Barnstaple Youth Council chairman is 'an inspiration'

BARNSTAPLE Youth Council chairperson Jessica Parkhouse was one of three North Devon women recipients at the Devon Police Awards of the Year ceremony. Jessica received the Mark Marshall Young Person s Community Award in memory of Mark, a PCSO for Countess

BARNSTAPLE Youth Council chairperson Jessica Parkhouse was one of three North Devon women recipients at the Devon Police Awards of the Year ceremony.

Jessica received the Mark Marshall Young Person's Community Award in memory of Mark, a PCSO for Countess Wear who died while serving with the Territorial Army in Afghanistan. It was presented by Mark's mother, Lynn, and sister Jo.

The citation pointed out that as well as being chairperson of the youth council, Jessica also represents young people in the Barnstaple Alliance and is consulted by the town council on matters affecting young people.

Through these roles she has been instrumental in several successful community projects.


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These include a music festival designed to encourage young people to channel their energy into music and performance; an inter-generational community arts project and a heritage arts project run in conjunction with the restoration of a local historic monument.

Through her involvement with the youth council, Jessica organised funding for and encouraged young people to take part in the Tidy our Town initiative. Following consultation with the community, this launched a clean-up of the town with more than 100 helpers.

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She is currently involved in a safety awareness project and is planning a DVD targeted at young people addressing drugs, alcohol and personal safety, which is a joint venture between the Youth Council, Devon Youth Service, Police and Safer North Devon.

Jessica also finds time to volunteer with the St John Ambulance.

The citation continued: "Jessica is an inspiration to both other young people and all members of the community, not least because of the remarkable motivation she shows in putting herself forward, volunteering her time and showing creativity and innovation in finding ways to tackle issues affecting local people of all ages."

The Services to Vulnerable Persons Award went to Detective Constable Michelle Bishop from North Devon.

Michelle started an investigation into the alleged sexual assault of four vulnerable women who were residents at a North Devon Care home.

The investigation was made especially challenging due to the serious disabilities of the victims. One could only communicate by use of special equipment, another could only answer questions by blinking and another could not communicate at all.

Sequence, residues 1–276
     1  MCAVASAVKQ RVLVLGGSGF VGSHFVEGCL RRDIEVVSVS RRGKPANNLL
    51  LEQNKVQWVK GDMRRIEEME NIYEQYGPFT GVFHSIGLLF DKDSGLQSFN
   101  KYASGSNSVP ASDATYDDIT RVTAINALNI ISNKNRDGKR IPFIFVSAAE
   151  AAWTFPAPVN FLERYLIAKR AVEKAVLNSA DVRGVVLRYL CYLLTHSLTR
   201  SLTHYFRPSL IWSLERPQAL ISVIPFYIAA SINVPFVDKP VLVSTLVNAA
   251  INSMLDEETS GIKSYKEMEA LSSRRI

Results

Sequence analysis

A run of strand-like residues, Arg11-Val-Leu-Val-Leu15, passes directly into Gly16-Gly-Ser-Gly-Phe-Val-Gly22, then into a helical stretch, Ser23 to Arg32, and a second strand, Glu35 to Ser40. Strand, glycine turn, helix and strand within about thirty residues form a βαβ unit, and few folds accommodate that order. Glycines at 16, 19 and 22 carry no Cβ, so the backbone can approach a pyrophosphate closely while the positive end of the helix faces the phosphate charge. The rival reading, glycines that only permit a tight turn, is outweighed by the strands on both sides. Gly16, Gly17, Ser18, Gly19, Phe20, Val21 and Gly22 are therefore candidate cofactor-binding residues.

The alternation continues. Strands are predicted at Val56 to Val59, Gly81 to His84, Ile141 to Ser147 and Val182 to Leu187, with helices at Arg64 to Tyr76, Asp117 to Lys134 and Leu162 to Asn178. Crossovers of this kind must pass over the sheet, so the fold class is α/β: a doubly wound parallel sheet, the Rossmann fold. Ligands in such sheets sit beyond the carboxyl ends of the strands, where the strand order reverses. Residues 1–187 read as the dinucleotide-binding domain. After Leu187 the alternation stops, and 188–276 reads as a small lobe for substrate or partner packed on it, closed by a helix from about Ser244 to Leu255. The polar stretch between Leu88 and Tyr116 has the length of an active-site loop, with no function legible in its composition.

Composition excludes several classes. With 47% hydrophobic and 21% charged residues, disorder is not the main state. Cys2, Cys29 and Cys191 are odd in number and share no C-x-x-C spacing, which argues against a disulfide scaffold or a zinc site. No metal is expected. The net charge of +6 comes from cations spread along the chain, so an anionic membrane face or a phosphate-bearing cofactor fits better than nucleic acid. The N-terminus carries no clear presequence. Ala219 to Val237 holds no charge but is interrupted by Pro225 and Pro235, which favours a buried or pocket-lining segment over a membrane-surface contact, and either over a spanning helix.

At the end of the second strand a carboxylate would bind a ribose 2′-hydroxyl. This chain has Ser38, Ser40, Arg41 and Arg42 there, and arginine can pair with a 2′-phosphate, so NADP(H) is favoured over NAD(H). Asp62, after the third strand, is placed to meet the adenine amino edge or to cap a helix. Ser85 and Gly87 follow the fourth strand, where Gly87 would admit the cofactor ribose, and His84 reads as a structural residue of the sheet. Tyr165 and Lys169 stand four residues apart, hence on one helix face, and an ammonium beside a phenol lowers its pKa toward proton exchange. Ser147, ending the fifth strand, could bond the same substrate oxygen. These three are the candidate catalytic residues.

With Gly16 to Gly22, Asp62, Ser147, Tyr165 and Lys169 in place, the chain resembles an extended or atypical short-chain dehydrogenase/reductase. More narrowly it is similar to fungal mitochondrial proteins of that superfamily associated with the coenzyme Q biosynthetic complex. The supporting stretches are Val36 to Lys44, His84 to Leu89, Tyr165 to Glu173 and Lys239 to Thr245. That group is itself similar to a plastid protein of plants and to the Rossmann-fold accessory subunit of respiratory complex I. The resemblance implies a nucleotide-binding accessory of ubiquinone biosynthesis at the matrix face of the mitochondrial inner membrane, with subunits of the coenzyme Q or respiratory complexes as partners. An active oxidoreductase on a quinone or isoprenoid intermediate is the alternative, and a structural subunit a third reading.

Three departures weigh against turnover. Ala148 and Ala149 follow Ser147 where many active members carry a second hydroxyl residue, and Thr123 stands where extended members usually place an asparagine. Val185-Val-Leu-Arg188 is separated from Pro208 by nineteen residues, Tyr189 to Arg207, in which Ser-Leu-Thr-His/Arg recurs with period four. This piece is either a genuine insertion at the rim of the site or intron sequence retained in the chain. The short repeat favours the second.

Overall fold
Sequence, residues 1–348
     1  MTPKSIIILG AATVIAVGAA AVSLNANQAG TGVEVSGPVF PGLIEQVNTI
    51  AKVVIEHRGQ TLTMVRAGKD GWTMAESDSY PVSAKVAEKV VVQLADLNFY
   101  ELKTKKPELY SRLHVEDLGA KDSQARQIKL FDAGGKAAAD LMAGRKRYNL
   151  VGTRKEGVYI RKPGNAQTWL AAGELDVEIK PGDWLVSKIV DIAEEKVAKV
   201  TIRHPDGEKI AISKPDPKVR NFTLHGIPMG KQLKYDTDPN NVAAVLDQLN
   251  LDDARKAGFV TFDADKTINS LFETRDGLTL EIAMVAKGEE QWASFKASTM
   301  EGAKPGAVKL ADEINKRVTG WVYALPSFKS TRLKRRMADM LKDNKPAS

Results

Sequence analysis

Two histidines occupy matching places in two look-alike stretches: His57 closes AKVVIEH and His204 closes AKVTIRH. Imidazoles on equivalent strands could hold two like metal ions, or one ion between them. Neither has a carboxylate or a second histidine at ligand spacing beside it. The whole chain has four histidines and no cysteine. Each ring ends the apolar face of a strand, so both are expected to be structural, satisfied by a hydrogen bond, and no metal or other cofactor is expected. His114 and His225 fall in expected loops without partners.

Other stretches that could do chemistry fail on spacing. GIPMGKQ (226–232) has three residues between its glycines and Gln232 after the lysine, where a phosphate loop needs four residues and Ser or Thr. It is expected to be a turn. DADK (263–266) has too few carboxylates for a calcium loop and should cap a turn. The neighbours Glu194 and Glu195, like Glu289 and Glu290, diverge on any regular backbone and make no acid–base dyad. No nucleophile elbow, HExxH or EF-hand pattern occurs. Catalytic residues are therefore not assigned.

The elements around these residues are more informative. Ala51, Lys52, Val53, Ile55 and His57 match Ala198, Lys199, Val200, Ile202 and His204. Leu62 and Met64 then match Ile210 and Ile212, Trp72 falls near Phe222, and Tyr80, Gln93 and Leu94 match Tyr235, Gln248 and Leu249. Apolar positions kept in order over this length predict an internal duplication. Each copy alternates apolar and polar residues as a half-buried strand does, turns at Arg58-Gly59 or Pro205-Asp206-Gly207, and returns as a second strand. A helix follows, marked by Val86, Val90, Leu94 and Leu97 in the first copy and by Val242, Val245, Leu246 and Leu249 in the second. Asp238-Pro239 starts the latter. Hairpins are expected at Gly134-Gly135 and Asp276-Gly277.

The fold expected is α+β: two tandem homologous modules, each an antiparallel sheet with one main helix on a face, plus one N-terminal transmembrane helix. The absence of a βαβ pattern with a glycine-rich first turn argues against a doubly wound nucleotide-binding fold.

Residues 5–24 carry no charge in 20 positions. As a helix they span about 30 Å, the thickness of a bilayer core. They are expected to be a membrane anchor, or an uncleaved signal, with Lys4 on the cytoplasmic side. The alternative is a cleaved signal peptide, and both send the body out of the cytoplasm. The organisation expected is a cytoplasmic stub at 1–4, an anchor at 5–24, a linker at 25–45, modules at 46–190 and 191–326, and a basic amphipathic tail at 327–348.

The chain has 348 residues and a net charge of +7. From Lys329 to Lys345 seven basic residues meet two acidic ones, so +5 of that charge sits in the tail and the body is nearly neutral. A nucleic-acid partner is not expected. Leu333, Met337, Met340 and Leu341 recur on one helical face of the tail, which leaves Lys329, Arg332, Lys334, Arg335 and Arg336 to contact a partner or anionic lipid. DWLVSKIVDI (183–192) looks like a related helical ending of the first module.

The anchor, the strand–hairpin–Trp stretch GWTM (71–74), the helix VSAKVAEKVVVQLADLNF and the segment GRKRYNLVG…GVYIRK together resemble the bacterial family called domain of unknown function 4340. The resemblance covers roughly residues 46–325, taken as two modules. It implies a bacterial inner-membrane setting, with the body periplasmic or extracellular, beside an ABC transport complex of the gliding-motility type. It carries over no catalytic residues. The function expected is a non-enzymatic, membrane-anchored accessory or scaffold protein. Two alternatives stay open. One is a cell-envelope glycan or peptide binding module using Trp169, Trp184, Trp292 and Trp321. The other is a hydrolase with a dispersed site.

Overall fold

The only witness in the case was Japanese and required an interpreter to provide her evidence.

The citation described how she had worked closely with Devon Safeguarding Adults' team, the Intermediary service as well as the Crown Prosecution Service over the following nine months, offering sensitive support to those affected by the crimes and gathering sufficient evidence to secure a series of charges against the suspect.

Following a five-week trial the defendant was found guilty of serious sexual offences against the victims and jailed.

"Her professionalism throughout this lengthy, painstaking and sensitive investigation and her caring, sensitive and compassionate approach to those affected by these crimes, truly raised the banner for all vulnerable people," said the citation. "She has highlighted, through her tireless ambition, that the most vulnerable in our society are not only entitled to justice, but can see justice done if they are given the support they need through the criminal justice process."

An Inspiring Confidence Award was presented to Police Community Support Officer Ade Drury, who is the PCSO for Combe Martin and Ilfracombe College.

The citation said: "She is dedicated to her role and consistently demonstrates an enthusiastic Can Do attitude to her work. She is very highly regarded in the community and among partners and has become very popular within what is a relatively hard to reach community.

"In response to fears about potential bullying of children about to enter Ilfracombe College, Ade arranged for 140 children to take part in workshops involving Year 12 students, designed to allow the older children to consider their behaviour and give confidence to the younger children to empower them against bullies. The event was a great success.

"Ade also set up an anti-social behaviour clinic at the college after she found that she was dealing with young people in the town for incidents of behaviour that she recognised needed intervention, but not prosecution.

Talking to the college staff, she found that these same children were causing problems at school. The clinics were aimed at stopping any anti-social behaviour before it escalated.This initiative has now been rolled out across North Devon and has been cited nationally as good practice.

"Ade consistently demonstrates a high level of motivation and proactivity. Ade is always changing her shifts and rest days to accommodate events and policing operations.

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